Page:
Single equality body sets off row over unifying law

Both the public and private sectors have welcomed the Government’s
announcement of a single equality commission, but the news has put the
different sides at loggerheads over the future of equality legislation.

The Commission for Equality and Human Rights (CEHR) will combine the
existing equality commissions – the Commission for Racial Equality (CRE), the
Equal Opportunities Commission (EOC) and the Disability Rights Commission (DRC)
– as well as taking responsibility for religious, sexual orientation and age
discrimination.

The CEHR aims to save businesses time and money by offering a ‘one-stop
shop’ for advice on diversity and equality.

The public sector is now pressing for a single equality Act to ensure that
all the groups covered by the CEHR have the same degree of protection from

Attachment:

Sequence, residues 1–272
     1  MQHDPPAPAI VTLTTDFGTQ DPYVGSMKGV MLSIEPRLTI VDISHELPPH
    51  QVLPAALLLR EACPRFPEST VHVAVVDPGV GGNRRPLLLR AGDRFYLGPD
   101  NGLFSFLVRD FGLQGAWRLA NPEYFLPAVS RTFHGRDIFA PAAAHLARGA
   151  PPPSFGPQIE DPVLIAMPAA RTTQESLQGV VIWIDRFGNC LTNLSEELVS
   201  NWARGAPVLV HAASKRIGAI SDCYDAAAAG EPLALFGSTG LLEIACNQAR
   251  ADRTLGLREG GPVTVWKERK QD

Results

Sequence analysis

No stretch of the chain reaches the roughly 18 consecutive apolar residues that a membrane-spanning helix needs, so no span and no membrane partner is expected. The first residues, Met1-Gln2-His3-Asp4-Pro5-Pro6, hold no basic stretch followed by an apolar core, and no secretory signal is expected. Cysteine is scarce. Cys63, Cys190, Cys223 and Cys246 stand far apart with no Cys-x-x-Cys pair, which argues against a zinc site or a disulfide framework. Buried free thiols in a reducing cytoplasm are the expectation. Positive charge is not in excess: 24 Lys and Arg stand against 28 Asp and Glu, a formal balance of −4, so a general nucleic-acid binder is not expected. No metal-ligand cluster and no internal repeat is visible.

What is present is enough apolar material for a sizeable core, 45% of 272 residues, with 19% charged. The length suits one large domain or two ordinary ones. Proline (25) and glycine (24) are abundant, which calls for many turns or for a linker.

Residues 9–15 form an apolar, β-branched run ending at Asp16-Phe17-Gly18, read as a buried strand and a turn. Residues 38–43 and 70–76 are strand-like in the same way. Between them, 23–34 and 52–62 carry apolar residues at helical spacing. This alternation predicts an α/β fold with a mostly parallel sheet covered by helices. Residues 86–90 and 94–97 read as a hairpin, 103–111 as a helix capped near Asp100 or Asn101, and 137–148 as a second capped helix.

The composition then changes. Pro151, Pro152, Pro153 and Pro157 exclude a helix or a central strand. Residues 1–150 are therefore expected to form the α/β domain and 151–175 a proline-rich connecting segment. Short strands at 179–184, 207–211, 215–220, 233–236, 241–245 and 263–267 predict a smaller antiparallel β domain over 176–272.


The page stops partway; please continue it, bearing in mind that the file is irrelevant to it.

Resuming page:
discrimination.

"The need for [unified] legislation to accompany the work of the CEHR
is very important," said Bert Massie, DRC chairman. "Without it, it
would be easier for the CEHR to fail than to succeed," he added.

Mandy Wright, director of workforce and diversity issues at the Employers
Organisation for Local Government, is on the taskforce created to develop the
CEHR and said she would welcome a single equality Act.

However, the CBI said employers would strongly oppose the creation of a
single Act.

Neil Bentley, the Confederation of British Industry’s head of employee
relations and diversity and a member of the CEHR taskforce, said: "Rushing
towards a single equality Act could be an attempt to rush through a
one-size-fits-all approach, with all rights and duties raised to the highest
common denominator."

"It is not the right time to introduce new legislation, especially as
sexual orientation and belief duties are still bedding down and we haven’t even
seen age legislation yet," he said.

The Department of Trade and Industry said that it was working towards
"developing greater coherence within the legislative framework", but
ruled out a complete legislative overhaul.

By Michael Millar

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